According to Ruben, this shift towards a more comprehensive perspective indicates the industry’s progress. 

It signifies a transition from short-term CRO to an ongoing commitment to experimentation throughout the entire customer journey. 

This promising development for Ruben underlines the importance of delivering value at every touchpoint and ensuring a fruitful and enduring customer relationship.

CRO and CVO working as a team – no more silos

How will the future look when we stop seeing CRO versus CVo, and see them as two parts of the same story?

Ruben already sees this shift in the digital landscape, believing it’s a “game-changer.”

And we agree. 

When we work together instead of in isolated silos, we unlock a treasure trove of insights

These insights show brands what truly works at each stage of the customer journey throughout the entire lifecycle, combining CRO and CVO tactics to fine-tune the complete optimization process.

However, Ruben warns us there’s a secret sauce to this utopian collaboration – documentation

Diligently recording all your learnings builds a robust database that unravels the desires and objectives of your customers. 

It becomes crystal clear how to optimize every single step in the lifecycle. 

The asterisk is that this type of collaboration works only when brands foster teamwork, knowledge sharing, and process alignment inside the organization. 

Evidently, this culture isn’t built in one day. For some brands, it might even be an expense they can’t afford – a time-waster, if you will. 

However, you’re poised to achieve remarkable results and elevate our collective success inside such a culture.

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Experimentation as a form of Customer Research in CRO

Ruben also mentioned an interesting idea: experimentation is essentially a form of research

In customer-oriented CRO, experimentation becomes the most critical form of research, uncovering what works and what doesn’t. 

In this scenario, you must start the client dialogue with multiple teams and conduct an extensive data and behavior study.


Picture this: a squad of analysts, data scientists, and a crew of UX designers and researchers teamed up with several psychologists. 

Together, they delve into their research sources to uncover the intricacies of what’s happening on the website, how the product is performing, what’s going on even before people land on the site, and most importantly, the customers’ needs.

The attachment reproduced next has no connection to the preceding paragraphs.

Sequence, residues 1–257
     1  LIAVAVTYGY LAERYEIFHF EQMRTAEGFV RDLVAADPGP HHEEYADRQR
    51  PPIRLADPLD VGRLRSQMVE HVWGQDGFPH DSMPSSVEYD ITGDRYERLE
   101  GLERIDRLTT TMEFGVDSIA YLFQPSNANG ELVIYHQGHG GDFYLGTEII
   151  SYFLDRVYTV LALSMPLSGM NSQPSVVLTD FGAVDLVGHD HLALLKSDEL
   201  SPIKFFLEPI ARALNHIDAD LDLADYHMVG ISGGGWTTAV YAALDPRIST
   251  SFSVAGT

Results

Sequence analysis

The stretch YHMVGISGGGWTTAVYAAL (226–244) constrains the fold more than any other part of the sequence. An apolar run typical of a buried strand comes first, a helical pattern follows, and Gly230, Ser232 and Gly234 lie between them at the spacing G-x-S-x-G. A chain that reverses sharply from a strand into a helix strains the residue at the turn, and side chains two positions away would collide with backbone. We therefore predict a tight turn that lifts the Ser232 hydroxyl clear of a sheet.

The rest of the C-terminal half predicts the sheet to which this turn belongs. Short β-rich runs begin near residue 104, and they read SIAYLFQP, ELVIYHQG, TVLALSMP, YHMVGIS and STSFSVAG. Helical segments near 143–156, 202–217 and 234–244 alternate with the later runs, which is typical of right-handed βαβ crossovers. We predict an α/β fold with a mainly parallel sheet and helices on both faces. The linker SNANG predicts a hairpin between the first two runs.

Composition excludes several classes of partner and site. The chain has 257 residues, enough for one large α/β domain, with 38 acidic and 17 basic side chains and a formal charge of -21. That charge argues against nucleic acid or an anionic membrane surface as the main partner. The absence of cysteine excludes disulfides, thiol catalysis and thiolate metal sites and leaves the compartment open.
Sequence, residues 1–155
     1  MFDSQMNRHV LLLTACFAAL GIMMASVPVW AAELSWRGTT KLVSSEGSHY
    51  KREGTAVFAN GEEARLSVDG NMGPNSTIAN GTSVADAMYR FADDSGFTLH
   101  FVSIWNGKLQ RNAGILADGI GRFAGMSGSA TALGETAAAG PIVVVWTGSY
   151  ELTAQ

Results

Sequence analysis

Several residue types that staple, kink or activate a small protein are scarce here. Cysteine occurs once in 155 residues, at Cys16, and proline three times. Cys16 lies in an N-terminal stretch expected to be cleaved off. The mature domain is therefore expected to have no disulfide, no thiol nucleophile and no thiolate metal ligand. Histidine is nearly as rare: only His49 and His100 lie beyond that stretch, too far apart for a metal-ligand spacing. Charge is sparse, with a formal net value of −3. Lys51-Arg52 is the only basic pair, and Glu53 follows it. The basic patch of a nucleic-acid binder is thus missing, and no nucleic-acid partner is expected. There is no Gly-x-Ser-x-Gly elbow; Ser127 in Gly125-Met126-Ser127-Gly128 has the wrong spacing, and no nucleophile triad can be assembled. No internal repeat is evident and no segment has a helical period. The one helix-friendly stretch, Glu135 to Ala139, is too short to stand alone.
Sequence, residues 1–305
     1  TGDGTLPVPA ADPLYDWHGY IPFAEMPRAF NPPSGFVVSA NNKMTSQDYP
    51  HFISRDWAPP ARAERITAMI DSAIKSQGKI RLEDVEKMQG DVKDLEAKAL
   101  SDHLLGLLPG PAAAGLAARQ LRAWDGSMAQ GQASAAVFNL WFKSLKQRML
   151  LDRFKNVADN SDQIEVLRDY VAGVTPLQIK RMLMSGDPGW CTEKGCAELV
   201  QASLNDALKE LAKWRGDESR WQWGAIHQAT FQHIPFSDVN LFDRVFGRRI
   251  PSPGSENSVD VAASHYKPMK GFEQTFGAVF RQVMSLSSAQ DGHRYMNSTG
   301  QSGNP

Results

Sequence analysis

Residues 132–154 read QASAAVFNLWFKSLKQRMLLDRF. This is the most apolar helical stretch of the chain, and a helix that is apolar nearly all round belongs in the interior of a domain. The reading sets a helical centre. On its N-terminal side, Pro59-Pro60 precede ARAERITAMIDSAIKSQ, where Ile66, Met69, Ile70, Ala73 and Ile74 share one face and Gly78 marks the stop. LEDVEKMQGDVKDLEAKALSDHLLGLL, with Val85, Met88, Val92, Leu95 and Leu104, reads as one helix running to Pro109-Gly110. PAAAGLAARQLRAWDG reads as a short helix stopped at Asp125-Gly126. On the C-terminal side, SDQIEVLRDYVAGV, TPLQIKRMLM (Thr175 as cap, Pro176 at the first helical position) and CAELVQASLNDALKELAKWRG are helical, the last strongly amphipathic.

When you combine a diverse group of specialists with a wide range of research sources, you unlock a treasure chest of insights even before you kickstart your experiments

And then, throughout the entire journey, as you experiment and analyze the results, you start to validate those research insights, identify emerging patterns, and the whole organization reaps the benefits.

Ruben gives us the example of one of his top clients significantly upgrading their commercial based on the lessons learned from user research and A/B testing in the funnel. 

That’s the power of collaboration, strengthening one another through shared knowledge and insights. 

Transitioning from a rigid CRO mindset to an Experimentation Mindset

Traditionally, CRO primarily focuses on boosting conversion rates on a website. It’s about optimizing the website experience to increase the likelihood of visitors taking desired actions and becoming customers. 

Experimentation, on the other hand, goes beyond CRO and covers a broader spectrum.

When you move beyond the (sometimes) limited CRO tactics and optimize your website from an experimentation mindset, you optimize various aspects of presenting the brand. 

You have a more comprehensive approach involving the product itself, referrals, and even advertising efforts to attract more people to your website.

For Ruben, this expansion is fantastic.

It means CRO specialists are no longer confined to their silos. 

They’re branching out, collaborating with other teams, and embracing a new challenge: motivating colleagues to adopt a mindset that revolves around:

  • Experimentation
  • Data-driven decision-making
  • Prioritizing customers’ needs.

This opens up exciting opportunities for growth and innovation within organizations. 

Fostering a culture of experimentation and embracing a customer-centric perspective empowers businesses to unlock their full potential and thrive.

It’s an exciting journey.

Building a case for switching from product-centricity to customer-centricity

All is good in this wonderful collaborative environment. Yet, only some businesses understand the need to shift. 

And it’s not because of rigidity of stubbornness – the bottom line is crucial to all brands, and sometimes there isn’t enough bandwidth to overhaul the entire organization while still earning monthly revenue. 

Think about personal goals like losing weight or saving money—achieving them demands a shift in behavior, and many people find it challenging.

It’s essential to approach this transformation as a fun educational challenge and remain mindful, avoiding frustration. It won’t happen overnight, so this journey will require your time and patience.

You may be tempted to convince your colleagues solely with facts and figures.